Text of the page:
25. sonia — on 22nd May, 2006 at 10:49 am  

    “If the minorities don’t trust the police, it’s up to them to reform themselves.”

    ???

  26. sonia — on 22nd May, 2006 at 10:53 am  

    a very strange comment sajini – you make it sound like the leader can press a button and boom – community reformed! shades of a police state? ( i imagine you’re referring to ‘self-policing’..)

  27. Jay Singh — on 22nd May, 2006 at 11:03 am  

    I think she was talking more about a state of mind and the encouraging of critical self analysis rather than knee jerk cries of defensiveness when certain issues need to be addressed.

  28. SajiniW — on 22nd May, 2006 at 11:46 am  

    Jay’s got what I meant. I realise it is difficult for a leader to expect instantaneous results but self-criticism and reform has got to come from within if communities are hostile to outside intervention.

  29. SajiniW — on 22nd May, 2006 at 11:49 am  

    Sonia, I was referring to Liddle’s comments on Somalians. It’s not the first time someone has (rightly/wrongly) accused them of trouble-making.

    See Piara Khabra’s comments here – http://www.ealingtimes.co.uk/archive/display.var.622452.0.0.html

  30. sonia — on 22nd May, 2006 at 12:10 pm  

    i was referring to your terminology of ‘within’ and ‘outside’ there’s still the dynamics of the ‘within’ to consider – obviously.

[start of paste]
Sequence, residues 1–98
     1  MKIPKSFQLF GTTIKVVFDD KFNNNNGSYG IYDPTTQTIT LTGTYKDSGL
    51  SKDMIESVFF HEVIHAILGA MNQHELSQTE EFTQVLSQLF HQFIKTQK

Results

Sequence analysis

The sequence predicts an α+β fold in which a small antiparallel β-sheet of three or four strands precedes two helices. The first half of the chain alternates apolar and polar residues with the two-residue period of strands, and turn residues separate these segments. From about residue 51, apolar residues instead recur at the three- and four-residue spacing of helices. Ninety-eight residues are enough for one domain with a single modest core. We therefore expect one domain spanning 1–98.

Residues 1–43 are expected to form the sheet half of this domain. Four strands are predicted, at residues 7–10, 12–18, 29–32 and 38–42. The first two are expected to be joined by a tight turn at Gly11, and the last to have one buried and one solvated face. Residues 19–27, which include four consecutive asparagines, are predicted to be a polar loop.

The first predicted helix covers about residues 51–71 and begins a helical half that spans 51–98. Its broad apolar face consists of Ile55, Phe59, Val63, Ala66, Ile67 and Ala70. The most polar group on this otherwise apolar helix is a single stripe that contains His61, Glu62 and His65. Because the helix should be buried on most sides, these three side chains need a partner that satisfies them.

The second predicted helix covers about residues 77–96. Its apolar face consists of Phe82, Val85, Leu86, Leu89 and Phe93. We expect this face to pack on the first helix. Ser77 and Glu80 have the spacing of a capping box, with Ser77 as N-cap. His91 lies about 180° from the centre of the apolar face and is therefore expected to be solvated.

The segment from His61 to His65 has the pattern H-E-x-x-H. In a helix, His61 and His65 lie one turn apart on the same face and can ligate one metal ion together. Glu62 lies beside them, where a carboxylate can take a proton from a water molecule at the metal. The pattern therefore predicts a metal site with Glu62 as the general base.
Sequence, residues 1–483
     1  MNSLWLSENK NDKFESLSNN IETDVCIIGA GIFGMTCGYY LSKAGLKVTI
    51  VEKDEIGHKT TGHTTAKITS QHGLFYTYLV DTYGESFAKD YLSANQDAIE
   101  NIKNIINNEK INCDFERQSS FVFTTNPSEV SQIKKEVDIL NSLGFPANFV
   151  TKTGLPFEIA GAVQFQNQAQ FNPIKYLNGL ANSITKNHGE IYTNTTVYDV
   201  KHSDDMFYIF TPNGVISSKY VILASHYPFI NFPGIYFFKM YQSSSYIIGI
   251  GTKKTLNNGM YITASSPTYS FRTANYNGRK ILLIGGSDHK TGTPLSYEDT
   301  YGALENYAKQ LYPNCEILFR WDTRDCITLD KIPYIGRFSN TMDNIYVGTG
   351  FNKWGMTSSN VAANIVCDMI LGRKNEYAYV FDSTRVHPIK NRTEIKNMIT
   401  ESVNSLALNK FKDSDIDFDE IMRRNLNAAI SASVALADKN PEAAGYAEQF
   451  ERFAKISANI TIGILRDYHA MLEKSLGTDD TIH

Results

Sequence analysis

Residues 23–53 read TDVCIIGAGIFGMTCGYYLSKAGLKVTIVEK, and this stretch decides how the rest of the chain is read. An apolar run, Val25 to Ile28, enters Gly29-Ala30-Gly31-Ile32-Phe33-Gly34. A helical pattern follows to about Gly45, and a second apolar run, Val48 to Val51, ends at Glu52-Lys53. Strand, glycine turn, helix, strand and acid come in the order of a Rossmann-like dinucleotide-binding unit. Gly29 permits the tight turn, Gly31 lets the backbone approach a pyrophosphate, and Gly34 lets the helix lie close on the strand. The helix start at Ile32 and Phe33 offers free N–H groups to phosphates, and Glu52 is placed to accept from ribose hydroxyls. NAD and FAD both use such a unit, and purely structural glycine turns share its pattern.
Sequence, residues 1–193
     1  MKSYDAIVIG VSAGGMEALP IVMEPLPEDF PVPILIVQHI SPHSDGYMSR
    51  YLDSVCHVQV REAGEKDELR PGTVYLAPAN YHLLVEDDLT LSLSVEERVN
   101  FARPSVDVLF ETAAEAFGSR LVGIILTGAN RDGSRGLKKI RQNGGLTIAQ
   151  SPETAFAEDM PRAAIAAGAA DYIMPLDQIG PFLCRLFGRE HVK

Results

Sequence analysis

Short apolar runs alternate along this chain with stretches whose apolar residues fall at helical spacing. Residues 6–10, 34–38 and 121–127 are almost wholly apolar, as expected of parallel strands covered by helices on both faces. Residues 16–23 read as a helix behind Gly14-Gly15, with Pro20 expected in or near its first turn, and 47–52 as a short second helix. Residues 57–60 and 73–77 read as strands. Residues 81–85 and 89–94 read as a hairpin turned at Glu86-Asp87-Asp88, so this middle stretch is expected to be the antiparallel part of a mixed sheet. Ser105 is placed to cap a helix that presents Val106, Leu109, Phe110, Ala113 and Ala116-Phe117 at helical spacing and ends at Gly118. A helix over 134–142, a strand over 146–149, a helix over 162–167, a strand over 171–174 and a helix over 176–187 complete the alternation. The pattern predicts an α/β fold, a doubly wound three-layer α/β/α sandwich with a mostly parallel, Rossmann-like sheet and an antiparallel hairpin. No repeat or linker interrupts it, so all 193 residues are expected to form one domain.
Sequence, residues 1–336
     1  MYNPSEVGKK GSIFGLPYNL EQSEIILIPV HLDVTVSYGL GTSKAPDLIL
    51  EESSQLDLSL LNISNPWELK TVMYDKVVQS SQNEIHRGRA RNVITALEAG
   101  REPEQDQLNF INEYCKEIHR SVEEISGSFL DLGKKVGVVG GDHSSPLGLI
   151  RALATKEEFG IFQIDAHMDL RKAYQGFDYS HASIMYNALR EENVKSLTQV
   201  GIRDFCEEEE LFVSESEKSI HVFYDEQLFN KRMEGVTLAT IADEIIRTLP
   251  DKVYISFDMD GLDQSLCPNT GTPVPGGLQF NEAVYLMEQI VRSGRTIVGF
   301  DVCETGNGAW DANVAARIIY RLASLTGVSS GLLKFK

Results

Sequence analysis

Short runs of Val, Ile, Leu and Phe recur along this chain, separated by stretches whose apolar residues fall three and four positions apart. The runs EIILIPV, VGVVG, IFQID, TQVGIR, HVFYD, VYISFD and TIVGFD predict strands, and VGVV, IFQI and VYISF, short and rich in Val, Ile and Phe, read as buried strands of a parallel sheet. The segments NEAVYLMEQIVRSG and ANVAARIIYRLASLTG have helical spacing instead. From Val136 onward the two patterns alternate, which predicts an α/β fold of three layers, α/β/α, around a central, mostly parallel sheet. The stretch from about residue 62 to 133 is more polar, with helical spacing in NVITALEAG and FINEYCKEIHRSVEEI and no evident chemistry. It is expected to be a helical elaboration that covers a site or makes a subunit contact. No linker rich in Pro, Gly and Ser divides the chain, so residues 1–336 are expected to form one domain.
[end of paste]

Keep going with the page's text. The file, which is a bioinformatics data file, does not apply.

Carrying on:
31. Rakhee — on 22nd May, 2006 at 12:57 pm  

    => Children should not be shielded form reality and there is nothing wrong with Palestinian kids taking part in a protest.

    Since when? This world has gone barking mad if we think children should even be having to think about some of the issues us adults have to deal with.

    Why should kids be protesting? Why shouldn’t kids be shielded from reality? That’s what being a kid is all about. Time as a child should be happy and stress free. Now with restrictions, regulations, curriculums, pressure etc kids are suffering so much.

    Kids should be having fun. Period.

  32. Rakhee — on 22nd May, 2006 at 1:02 pm  

    ps. Thank you Sunny for the weekly round up!

  33. Sid — on 22nd May, 2006 at 1:07 pm  

    Kids should be having fun. Period.

    I quite agree

  34. Roger — on 22nd May, 2006 at 1:09 pm  

    ” It’s a viscous cycle”
    Like treacle in a washing machine?

    Given Somali culture and the history of Somalia, especially over the last couple of decades, it wouldn’t be surprising if Somalis in Britain, especially those who’ve only recently got out of the country or come from old-fashioned families, were violent with less apparent provocation than people from other backgrounds.

  35. Refresh — on 23rd May, 2006 at 2:02 am  

    Sunny there is nothing too complex about the Palestinian situation. Can’t understand why you should think so.

    People have lost their home and land. And its appropriate to protest – to the last if necessary.

Sorry, the comment form is closed at this time.

Pickled Politics © Copyright 2005 - 2010. All rights reserved. Terms and conditions.
With the help of PHP and Wordpress.